The injury-ridden Scot has been hampered by a hip injury since a Wimbledon quarter-final defeat to Sam Querrey in the summer of 2017 and has struggled to regain fitness after undergoing surgery on the issue a year ago.
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And he has revealed that this month’s Grand Slam could well be his last, but that if he makes it through then he will most definitely retire after Wimbledon in July.
After admitting he’s “not great”, the 31-year-old said to the media in an emotional press conference: “I have been struggling for a long time. I have been in a lot of pain for about 20 months now.
“I’ve pretty much done everything that I could to try and get my hip feeling better and it hasn’t helped loads.
“I am in a better place than I was six months ago but I am still in a lot of pain. It has been tough.
“During my training block I spoke to my team and told them I can’t keep doing this. I need to have an end point because I’m just playing with no idea of when the pain will stop.
“Wimbledon is where i would like to stop playing but I am not certain I am able to do that.
“I’m going to play [in Melbourne]. I can still play to a level. Not a level that I’m happy playing at.
“But it’s not just that. The pain is too much really and I don’t want to continue playing that way.”
The three-time Grand Slam champion was driven to tears as he made the announcement to a room of journalists and revealed that the extent of his pain means he cannot put socks on without struggling.
Andy Murray briefly had to leave the room having been overcome by emotion before returning and confirming he could end his career as soon as next week.
Asked if the Aussie Open could be his last ever tournament, Murray admitted: “Yes I think there’s a chance of that for sure because I’m not sure I’m able to play through the pain for another four or five months.
“I have a severely damaged right hip. Having the operation last year was to give it the best possible chance of being better.
“I can play with limitations, but having the limitations and the pain is not allowing me to enjoy competing or training.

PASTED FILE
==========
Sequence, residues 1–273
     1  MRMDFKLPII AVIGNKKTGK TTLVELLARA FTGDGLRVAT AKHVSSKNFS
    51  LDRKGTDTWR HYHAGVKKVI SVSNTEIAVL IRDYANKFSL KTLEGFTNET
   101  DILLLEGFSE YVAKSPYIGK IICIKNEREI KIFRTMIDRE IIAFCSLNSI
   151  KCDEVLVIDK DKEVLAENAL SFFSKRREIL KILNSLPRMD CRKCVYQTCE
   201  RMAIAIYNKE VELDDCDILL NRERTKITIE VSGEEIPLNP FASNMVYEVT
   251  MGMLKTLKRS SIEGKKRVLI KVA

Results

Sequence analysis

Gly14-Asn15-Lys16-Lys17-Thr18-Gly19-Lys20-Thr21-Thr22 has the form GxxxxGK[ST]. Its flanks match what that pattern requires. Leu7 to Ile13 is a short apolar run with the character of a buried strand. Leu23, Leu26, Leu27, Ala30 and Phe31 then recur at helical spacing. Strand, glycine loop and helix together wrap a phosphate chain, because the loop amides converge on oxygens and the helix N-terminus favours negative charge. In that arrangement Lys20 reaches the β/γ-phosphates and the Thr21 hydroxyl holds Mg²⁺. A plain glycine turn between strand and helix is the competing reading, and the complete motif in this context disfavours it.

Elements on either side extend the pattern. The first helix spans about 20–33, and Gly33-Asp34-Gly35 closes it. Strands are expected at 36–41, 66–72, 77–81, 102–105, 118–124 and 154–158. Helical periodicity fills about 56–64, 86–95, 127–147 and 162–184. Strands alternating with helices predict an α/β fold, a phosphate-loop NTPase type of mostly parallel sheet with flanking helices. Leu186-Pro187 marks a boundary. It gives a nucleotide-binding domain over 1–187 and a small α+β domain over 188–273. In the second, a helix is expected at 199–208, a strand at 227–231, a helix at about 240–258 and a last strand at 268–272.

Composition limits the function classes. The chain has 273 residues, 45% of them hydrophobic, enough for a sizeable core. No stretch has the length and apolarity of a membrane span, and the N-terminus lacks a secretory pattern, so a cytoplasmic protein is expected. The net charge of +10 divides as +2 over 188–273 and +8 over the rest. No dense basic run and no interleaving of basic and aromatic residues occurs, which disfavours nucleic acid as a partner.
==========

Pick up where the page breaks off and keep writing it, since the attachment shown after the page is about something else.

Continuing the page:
“I have an option to have another operation, which is a little bit more severe than what I’ve had before in having my hip resurfaced, which will allow me to have a better quality of life and be out of pain.
“That’s something I’m seriously considering right now. Some athletes have had that and gone back to competing but there’s obviously no guarantees with that and the reason for having an operation like that is not to return to professional sport, it’s just for a better quality of life.”
Murray – a two-time winner of Wimbledon – played just 14 times at tour level in 2018 and just two of those matches were at Grand Slams, both comng at the US Open.
The update comes after he was convincingly outclassed in a practice session with world No 1 Novak Djokovic on Thursday in which the Serbian won 10 of 12 games.
Murray has slipped well down to No 230 in the world rankings and has been drawn to face 22nd seed Roberto Bautista Agut in the first round this coming Monday.
He still plans to partake in Australia, though could not offer an update on whether he will be able to continue after that.
Murray will go down as one of Britain’s best ever sportsmen for his achievements in an era of tennis in which he has had to compete with icons such as Roger Federer, Rafael Nadal and Novak Djokovic.